Bob Satawake was the first same-sex ambassadorial spouse sent to a western hemisphere country
DAVID TAFFET | Senior Staff Writer
When Bob Satawake met Wally Brewster at JR.’s Bar & Grill in Oak Lawn, he had no idea that the relationship that began that day would lead him to make history as the first same-sex spouse of a U.S. diplomat stationed in a western hemisphere country.
As a kid growing up in Oklahoma, Satawake was bullied. “That was part of my impression of what the world was going to be like for me,” he said. “I was singled out, and I knew it didn’t happen to everybody.”
He said he knew he wasn’t like the other kids in lots of ways. For one thing, he came from a financially stressed home environment. “I used to pray the Lord would take me home,” Satawake recalled. “He had other plans for me.”
Among those plans was meeting Brewster. He then moved from Dallas, where he had been working as an American Airlines flight attendant, to Chicago, where he began working in real estate and became politically active. That’s where he and Brewster met an up-and-coming politician named Barack Obama.
After becoming very active in Obama’s re-election campaign, Brewster was nominated as U.S. ambassador to the Dominican Republic. Satawake said the U.S. has sent other gay diplomats to missions around the world, but they’ve been appointed to serve in countries like Luxembourg, which has had a gay prime minister since 2013.
When the couple moved to Chicago, they bought a house. Moises Alou, an outfielder for the Chicago Cubs, was their next-door neighbor. Alou was from the Dominican Republic, and Satawake had flown there many times with American. As their friendship developed, Satawake and Brewster visited the Dominican Republican a number of times with Alou and his family.
“Over the course of our relationship with the Alous, we developed an understanding and appreciation for the culture [and] history [of the Dominican Republic] and the importance of its leadership in that region of the world,” Satawake said.
At the time of his appointment, Brewster explained to the Obama administration why the Dominican Republic was the appropriate place for him to represent the U.S.
Satawake and Brewster are one of the few same-sex couples that ever had to get married. Only the spouse of an ambassador can get diplomatic credentials. In 2013, the year Brewster was appointed ambassador, marriage was legal in Washington, D.C., but only certain judges were allowed to perform weddings. So they were married by the judge that replaced Ruth Bader Ginsburg on the D.C. circuit court.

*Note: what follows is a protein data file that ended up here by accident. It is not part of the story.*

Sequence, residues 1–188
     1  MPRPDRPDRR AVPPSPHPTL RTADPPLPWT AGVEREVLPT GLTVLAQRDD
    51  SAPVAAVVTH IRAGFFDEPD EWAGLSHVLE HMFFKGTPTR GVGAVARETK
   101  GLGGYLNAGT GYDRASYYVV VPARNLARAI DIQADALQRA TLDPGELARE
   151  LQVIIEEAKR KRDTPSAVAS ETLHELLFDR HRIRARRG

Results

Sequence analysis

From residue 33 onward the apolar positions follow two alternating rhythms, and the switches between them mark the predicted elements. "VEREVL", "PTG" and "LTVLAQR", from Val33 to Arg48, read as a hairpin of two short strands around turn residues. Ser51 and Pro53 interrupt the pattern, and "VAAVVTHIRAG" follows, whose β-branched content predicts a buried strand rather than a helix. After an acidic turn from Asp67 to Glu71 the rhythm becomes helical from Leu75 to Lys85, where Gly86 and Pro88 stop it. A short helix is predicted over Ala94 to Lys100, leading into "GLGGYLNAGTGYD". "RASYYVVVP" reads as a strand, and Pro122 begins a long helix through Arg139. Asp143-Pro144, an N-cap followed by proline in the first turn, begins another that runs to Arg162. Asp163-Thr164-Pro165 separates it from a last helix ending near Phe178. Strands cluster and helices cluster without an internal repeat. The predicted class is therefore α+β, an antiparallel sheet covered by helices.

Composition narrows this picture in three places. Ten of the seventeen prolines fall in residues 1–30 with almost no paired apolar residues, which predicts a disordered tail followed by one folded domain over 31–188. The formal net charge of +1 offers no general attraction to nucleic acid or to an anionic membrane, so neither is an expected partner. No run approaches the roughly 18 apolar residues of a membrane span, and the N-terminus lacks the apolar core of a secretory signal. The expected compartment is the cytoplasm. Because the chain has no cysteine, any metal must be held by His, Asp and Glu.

Once in the Dominican Republic, the couple met with opposition from a Catholic cardinal there, beginning what Satawake called an “unnecessarily controversial tour of duty. … It never dawned on us that the leader of the Catholic Church would express such a visceral response,” he said.
But the anti-gay rhetoric coming from the cardinal was a diversion from an abuse scandal rocking the Catholic Church in the Dominican Republic.
Satawake said the cardinal was protecting people by ginning up controversy over the gay diplomat.
Brewster and Satawake used their positions to promote LGBT equality. While LGBT people are not well accepted socially in the Dominican Republic, and same-sex relations are not recognized there, neither are same-sex relationships criminalized there.
Once the couple began their tour of duty, members of the LGBT community were invited to events at the embassy. At a Pride breakfast held just before the Obergefell v. Hodges Supreme Court ruling legalizing marriage equality in 2015, Randy Berry, the State Department’s first special envoy for the human rights of LGBTI persons, was the keynote speaker. Judy and Dennis Shepard were there, and so was Deena Fidas, who headed Human Rights Campaign’s Workplace Equality Program, and Minou Mirabel, a deputy in the D.R.’s lower house.
“It raised awareness around equality in the Dominican Republic in a way the general population could relate to,” Satawake said. He said the positive press coverage in the country had a positive impact on the way the media referenced LGBT people after that.
Satawake said there was nothing really activist about what he and husband did for LGBT equality; they were simply including the LGBT community as a welcome part of the Dominican population.
When the Centers for Disease Control funded an AIDS clinic in a poorer area in the country, and the LGBT and AIDS communities said they needed some media attention, the couple attended the opening of the clinic. Rather than let the money be spent under the radar as usual, they let the country know the U.S. was actively and openly supporting these initiatives.
When Satawake and Brewster were invited to participate in Santo Domingo Pride, they organized diplomats from a dozen countries to participate in a ribbon cutting to open the event. Satawake said he learned that when you invite non-LGBT people, you might be surprised how many will come.
That initiative has grown. This year, the diplomatic corps rented a bus to be in the parade. The U.S., however, didn’t participate.
Satawake did TV and radio appearances during his tenure in the D.R., which raised the profile of a gay couple as the U.S. representatives in the country.
After returning to the U.S. at the end of the Obama administration, the couple returned to Dallas. And in July this year, Satawake released a book about accompanying his husband, officially titled The Extraordinary and Plenipoteniary U.S. Ambassador Wally Brewster, and the story of what led up to Brewster’s appointment.
His book, Breaking Protocol: Forging a Path Beyond Diplomacy, debuted at No. 1 on Amazon’s new release list, as the No. 1 Dominican travel guide and as the No. 1 activist biography. Satawake doesn’t think anyone will read his book as a travel guide, although he does point out some places to see and, despite the trouble with the cardinal, talks about how warm the Dominican people are.